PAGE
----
Remembering Jackie Matisse, a pioneer of star art and virtual reality art who had a special sense for chance and the power of collaboration

In the early 1960s, a mother in her late 30s, Jackie Matisse was still looking for personal artistic territory that would allow her to express herself. She was “interested in the art of my time,” she recalled in 2000 — she was a granddaughter of Henri Matisse and already collaborated with her stepfather Marcel Duchamp — but sought to understand her place. And then, as he took a taxi from New York City to the airport in 1962, he saw a star flying over the rooftops of Harlem — a “line drawn in the sky” —and noticed the idea of make stars. … and using the sky as a canvas ”.

In 1970, he signed the document Flying Art Poster—declares that the star is “a vehicle that unites spirit and physique,” with six other artists. For the next four decades, Jackie made “flying art” with its brightly colored stars — acrylics on candle cloth — and patterns cut from crepe paper. He made groups of stars to fly inward, to work with the sky, the fields, and the woods; groups that will fly to the light by the sea; and groups, on water-resistant paper, for flying and filming underwater. The idea of ​​submersible stars came to him in 1979 when one of his creations fell into the sea.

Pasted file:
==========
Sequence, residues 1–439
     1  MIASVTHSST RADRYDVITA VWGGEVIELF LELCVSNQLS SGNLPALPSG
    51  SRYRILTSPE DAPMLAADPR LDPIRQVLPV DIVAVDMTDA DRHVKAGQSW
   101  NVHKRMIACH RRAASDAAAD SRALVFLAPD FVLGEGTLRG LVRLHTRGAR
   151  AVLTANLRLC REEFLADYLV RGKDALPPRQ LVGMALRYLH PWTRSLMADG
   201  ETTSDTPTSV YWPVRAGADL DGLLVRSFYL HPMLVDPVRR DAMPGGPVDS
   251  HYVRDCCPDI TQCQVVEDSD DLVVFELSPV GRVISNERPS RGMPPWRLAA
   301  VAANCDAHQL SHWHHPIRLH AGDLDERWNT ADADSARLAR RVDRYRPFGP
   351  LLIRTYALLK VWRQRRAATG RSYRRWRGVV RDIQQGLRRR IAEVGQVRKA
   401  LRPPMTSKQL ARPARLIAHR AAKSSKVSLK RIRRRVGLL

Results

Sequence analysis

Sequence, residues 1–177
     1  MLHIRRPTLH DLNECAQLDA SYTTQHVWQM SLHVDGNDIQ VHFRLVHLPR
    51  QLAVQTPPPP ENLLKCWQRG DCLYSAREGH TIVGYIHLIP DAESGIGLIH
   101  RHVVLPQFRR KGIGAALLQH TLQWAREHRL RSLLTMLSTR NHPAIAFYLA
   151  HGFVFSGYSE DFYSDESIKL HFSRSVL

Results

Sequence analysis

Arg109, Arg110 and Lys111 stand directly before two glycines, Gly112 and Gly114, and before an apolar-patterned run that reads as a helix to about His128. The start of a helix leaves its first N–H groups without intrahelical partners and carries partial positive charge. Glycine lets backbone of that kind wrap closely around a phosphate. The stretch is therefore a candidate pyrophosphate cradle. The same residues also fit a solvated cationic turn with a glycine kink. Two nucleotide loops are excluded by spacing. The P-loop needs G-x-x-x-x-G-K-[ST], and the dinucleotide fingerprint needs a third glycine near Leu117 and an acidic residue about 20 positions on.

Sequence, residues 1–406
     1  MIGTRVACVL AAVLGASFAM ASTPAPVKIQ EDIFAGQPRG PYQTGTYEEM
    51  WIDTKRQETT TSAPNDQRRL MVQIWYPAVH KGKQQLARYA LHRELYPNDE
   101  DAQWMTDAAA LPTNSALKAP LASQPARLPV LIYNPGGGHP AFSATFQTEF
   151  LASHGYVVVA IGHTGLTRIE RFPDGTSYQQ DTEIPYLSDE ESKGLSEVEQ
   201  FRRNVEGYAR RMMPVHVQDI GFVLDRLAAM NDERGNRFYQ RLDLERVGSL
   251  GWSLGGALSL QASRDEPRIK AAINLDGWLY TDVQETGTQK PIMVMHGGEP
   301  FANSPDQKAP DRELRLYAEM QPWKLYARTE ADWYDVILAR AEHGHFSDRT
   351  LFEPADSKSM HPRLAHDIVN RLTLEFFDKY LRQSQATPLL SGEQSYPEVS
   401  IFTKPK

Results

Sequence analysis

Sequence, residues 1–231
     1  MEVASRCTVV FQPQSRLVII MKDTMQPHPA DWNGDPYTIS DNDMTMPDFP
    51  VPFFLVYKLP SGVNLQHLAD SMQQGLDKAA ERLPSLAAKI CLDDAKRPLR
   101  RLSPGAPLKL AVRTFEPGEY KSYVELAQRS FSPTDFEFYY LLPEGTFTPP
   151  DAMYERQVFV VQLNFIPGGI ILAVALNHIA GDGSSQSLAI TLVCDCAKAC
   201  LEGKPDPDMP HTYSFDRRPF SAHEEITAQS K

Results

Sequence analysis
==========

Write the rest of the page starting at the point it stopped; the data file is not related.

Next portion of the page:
He devised ways to show this essentially kinetic art in gallery spaces, with long patterned star tails grouped in groups in a breeze, or looping up and down in mechanical rollers, in a seemingly perpetual motion. He presented himself in Paris in 1972, in London in 1976 —at the Institute of Contemporary Arts— and in exhibitions throughout Europe and the United States, with major retrospectives in 2000—.Art that Soars: Kites and Tails by Jackie Matisse at the Mingei International Museum in San Diego and in 2013 at the Musée Matisse in Le Cateau-Cambrésis, Normandy.

Jackie stood out in his field for his characteristic opportunity, especially in collaboration: with light and wind; with musician-artist John Cage, musician David Tudor, choreographer Merce Cunningham and artists Jean Tinguely and Niki de Saint Phalle; and with technology. His work in 2002-2005 with Virginia Tech and the University of Illinois produced the most ambitious virtual reality work the art world had ever seen, driven by a distributed network of supercomputers, that is, collaborative. Broadband Internet. Criticisms were taken of how Jackie easily entrusted the process to various technologists to scan, encode, and manipulate the digital models of his work and display them by projecting images on the inner surfaces of a cube or “Cave,” built with 3 squares. m high. . The viewer, who wore special glasses, was an interactive collaborator capable of manipulating a virtual star using a wand. The VR star program was mounted at technology events in Europe and the United States, with a simplified, flat-screen version made for your gallery, such as Flying art in Zone, New York, in 2005.